A London-based team from St Mary's Hospital reviewed data from five recent trials involving 158 patients.
But the researchers say more work is needed to see if this is a direct link rather than a chance finding.
In each study, a group of patients chewed sugarless gum three times per day following surgery for a period of five to 45 minutes and were compared with patients who did not chew gum.
Patients who chewed gum passed gas and had a bowel movement sooner than those who did not chew gum - signs that their bowel function returned sooner.
Any type of abdominal surgery can slow down or halt bowel function - a condition known as ileus, which can cause serious complications.
In four of the trials, the length of hospital stay after an operation was also a day shorter for the patients who chewed gum.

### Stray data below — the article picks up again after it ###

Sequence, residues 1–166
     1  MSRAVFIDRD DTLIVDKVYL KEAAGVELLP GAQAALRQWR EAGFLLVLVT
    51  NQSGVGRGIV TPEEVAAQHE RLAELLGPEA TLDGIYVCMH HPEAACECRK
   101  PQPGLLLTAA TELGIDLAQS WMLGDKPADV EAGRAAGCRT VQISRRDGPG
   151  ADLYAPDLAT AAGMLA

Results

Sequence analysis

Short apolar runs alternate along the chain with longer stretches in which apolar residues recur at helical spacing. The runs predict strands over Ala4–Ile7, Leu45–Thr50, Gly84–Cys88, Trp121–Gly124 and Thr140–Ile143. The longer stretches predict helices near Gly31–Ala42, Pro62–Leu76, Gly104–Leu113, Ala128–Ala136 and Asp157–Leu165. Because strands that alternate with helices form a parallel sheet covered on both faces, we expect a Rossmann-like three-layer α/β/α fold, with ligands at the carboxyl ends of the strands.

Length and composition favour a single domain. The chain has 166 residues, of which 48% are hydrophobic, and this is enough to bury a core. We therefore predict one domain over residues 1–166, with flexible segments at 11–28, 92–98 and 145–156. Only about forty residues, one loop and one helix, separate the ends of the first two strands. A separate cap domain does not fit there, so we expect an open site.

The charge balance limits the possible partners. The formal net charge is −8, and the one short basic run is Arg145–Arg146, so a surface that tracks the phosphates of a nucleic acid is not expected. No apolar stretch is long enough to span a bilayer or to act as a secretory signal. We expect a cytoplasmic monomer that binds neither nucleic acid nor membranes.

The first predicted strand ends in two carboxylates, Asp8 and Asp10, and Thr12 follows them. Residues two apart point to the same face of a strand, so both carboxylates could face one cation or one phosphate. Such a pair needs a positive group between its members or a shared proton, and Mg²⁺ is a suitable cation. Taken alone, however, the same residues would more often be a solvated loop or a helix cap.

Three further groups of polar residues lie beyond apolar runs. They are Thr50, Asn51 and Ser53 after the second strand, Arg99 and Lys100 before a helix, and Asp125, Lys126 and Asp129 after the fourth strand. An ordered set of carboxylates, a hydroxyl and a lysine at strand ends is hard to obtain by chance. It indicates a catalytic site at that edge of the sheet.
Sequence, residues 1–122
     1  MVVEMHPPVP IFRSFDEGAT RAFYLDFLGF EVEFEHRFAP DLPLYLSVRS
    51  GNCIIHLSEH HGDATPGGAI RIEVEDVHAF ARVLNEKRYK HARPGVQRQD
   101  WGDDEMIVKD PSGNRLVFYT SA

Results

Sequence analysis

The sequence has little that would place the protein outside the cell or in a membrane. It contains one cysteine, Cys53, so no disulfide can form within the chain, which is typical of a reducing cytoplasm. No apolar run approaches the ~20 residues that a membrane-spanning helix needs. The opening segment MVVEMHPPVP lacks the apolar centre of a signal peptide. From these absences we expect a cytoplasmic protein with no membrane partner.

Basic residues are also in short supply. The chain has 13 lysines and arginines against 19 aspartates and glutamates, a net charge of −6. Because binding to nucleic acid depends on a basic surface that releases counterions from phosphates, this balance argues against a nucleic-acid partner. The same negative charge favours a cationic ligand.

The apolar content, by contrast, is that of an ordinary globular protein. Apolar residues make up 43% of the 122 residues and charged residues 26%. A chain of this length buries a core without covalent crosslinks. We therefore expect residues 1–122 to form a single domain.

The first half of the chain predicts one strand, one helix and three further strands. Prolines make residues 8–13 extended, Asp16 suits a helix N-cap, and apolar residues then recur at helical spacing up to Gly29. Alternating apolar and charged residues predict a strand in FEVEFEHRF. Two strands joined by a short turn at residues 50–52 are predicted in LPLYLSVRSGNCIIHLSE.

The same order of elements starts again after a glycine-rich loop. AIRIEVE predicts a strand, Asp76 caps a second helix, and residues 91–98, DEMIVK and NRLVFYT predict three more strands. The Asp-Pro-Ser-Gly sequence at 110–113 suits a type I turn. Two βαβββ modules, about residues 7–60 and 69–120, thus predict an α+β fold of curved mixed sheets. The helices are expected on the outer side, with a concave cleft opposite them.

If chewing gum did reduce hospital stay, this could save the NHS millions of pounds, say the researchers, given that more than 31,000 bowel operations are carried out in England each year and an overnight stay in hospital costs the NHS around £200.
An advisory nurse for Bowel Cancer UK said: "Chewing is a bit like eating and it starts peristalsis, which is the movement of the bowel.
"Ileus - when the bowel is slow to start working again - can occur after an operation, but it has become less common as surgery has become more refined.
"There is some evidence that chewing gum might help, but not enough that bowel surgery patients are routinely being advised to chew gum."